Longing for God

St Mark's basilica Venice

St Mark’s basilica Venice

It puzzles me that so few of our modern fictional heroes have any religious faith. My good read over Christmas is likely to be P D James,  (creator of Adam Dalgleish,) or Ruth Rendell (Chief Inspector Wexford) or more likely Donna Leon with her Commissario Brunetti set in Venice. (I picked up two I hadn’t read in a charity shop last week).  All of them have an, at times, very intense nostalgia for a past world which has slipped away from them, a world which was kinder, more courteous and more ordered. Yet their attitude to religion is the unquestioning modern stereotype: that it is something we can longer believe in, that it was and is irrelevant at best and corrupt at worst.

Here is Brunetti’s wife Paola, talking of her relationship with her students at the university where she teaches English literature. Like her husband she has long since rejected the Catholic faith in which she was brought up.

‘Why is it so bad all of a sudden?’ Brunetti asked.

‘It’s not really all of a sudden. It’s more that I’ve become aware of how bad it’s become.’

‘Give me an example,’ he said.

‘Ten years ago, I could force them (her students) into accepting the fact, or at least giving lip service to the idea, that the culture that formed me, and those books and ideas that our generation grew up on – Plato, Virgil, Dante – that it was superior in some way to whatever fills their lives. Or, if not superior, then at least interesting enough to be worthy of study…. but that doesn’t happen any more. They think, or ay least they seem to think, that their culture with its noise and acquisitiveness and immediate forgettability is superior to all of our stupid ideas.

‘Like?’

‘Like our no doubt ridiculous idea that beauty conforms to some standard or ideal; like our risible belief that we have the option to behave honourably and should take it; and like our idiotic idea that the final purpose of human existence is something more than the acquisition of wealth.’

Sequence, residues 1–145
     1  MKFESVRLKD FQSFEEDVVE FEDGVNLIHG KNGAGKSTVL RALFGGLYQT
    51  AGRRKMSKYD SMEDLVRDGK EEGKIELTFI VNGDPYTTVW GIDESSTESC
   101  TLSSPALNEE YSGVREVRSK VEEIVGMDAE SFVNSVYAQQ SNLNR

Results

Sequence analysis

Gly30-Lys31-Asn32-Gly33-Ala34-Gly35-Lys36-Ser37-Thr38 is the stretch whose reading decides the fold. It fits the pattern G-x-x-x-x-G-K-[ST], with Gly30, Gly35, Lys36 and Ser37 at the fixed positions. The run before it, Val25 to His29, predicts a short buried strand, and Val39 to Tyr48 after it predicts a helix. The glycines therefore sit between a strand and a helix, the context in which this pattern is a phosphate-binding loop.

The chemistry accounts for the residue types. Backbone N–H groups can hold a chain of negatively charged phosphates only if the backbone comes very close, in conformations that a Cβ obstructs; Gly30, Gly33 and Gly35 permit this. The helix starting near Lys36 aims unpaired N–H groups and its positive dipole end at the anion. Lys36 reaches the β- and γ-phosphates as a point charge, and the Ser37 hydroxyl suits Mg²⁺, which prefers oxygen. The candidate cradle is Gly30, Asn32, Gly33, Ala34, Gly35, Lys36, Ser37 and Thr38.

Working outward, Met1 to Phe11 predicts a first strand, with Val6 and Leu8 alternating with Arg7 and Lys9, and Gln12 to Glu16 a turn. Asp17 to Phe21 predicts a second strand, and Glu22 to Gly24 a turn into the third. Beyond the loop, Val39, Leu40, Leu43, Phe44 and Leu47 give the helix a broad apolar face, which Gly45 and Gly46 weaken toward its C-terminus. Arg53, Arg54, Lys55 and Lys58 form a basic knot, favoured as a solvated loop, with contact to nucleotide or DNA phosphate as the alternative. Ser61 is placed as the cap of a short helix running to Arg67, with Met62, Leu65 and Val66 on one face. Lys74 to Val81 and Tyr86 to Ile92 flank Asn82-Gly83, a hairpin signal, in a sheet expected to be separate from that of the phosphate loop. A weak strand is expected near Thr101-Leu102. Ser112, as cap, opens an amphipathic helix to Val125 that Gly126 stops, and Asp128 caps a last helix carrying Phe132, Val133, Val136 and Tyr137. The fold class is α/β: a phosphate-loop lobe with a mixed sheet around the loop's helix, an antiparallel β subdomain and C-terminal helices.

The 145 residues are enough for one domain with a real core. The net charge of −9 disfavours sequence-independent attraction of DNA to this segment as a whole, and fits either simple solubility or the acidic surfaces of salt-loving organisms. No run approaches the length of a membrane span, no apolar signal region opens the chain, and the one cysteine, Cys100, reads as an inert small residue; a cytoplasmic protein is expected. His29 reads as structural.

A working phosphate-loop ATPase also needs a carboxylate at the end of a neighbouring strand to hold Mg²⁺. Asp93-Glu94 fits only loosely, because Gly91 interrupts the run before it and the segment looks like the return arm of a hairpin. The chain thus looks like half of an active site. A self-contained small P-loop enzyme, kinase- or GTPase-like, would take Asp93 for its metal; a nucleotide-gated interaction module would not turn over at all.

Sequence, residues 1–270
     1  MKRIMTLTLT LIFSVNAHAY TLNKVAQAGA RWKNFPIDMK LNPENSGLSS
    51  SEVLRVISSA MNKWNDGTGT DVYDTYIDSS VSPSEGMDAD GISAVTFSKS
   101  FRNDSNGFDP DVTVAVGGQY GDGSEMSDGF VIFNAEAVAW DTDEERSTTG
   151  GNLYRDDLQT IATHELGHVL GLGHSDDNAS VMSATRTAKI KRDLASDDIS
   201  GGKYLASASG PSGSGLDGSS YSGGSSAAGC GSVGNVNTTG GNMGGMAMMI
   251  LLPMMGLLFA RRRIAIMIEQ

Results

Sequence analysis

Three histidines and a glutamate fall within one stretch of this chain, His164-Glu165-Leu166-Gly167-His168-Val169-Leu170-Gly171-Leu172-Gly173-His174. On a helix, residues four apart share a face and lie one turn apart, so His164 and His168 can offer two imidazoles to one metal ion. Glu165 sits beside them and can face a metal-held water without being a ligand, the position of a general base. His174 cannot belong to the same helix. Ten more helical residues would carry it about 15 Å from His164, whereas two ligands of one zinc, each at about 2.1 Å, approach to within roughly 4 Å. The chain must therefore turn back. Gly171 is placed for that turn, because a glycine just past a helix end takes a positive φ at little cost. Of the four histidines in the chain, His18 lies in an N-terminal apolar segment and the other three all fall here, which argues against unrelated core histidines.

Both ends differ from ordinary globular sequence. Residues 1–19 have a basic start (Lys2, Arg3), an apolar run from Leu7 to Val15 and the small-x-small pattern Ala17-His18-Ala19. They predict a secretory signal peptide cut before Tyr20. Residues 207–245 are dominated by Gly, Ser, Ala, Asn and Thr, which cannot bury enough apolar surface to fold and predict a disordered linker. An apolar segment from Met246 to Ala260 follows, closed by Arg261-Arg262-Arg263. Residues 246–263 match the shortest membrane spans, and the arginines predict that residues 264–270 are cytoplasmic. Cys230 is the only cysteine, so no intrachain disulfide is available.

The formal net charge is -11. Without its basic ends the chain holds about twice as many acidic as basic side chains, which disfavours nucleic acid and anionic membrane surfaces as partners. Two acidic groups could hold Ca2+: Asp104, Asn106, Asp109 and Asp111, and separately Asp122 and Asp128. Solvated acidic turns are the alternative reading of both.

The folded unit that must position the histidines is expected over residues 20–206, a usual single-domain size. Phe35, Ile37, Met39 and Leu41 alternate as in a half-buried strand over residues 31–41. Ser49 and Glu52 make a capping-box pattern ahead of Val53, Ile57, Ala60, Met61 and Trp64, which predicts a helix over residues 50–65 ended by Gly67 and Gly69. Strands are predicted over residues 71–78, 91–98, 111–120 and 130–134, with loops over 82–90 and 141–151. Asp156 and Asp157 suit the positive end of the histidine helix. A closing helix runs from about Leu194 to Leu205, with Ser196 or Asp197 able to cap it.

Donna Leon –  Wilful Behaviour – p.68  (Arrow Books 2003)

 

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About Scott Anderson

Formerly an Anglican priest (ordained 1975) received into the Catholic Church in February 2012, and ordained to the Diaconate on 27th July 2013. I took early retirement, and divide my time between London and northern France. I am deeply committed to the Ordinariate as a gift of the Holy Spirit in the search for unity. Like many Ordinariate members I feel a personal gratitude to Pope Emeritus Benedict, together with loyalty to our Holy Father, Pope Francis. My blog tries to make a small contribution to the growth of the Ordinariate by asking questions (and proposing some answers) about the 'Anglican Patrimony'. I have always been fascinated by the whole issue of growth and decline, and therefore concerned for appropriate means of evangelisation in western Europe. I believe that the Holy Spirit is constantly renewing the People of God and that we must be open to him. My love of music and motorcycles will occasionally surface in my posts. On Saturday 19th October 2013, I was ordained to the Priesthood at Most Precious Blood, Borough, by the Most Revd Peter Smith, Archbishop of Southwark, for the service of the Ordinariate of our Lady of Walsingham. I continued to serve the Ordinariate group and Parish at Most Precious Blood until the end of 2014. Subsequently, I helped in the care of the Ordinariate Groups at Hemel Hempstead and Croydon, and in the Archdiocese of Southwark, until the beginning of September 2015. With the agreement of my Ordinary, Mgr Keith Newton, the Bishop of Amiens appointed me Administrator of the Parish of Notre Dame des Etangs (Pont Remy) in Picardie, France. This appointment is to last for a year, to give the Bishop the opportunity to assess the future of the parish.
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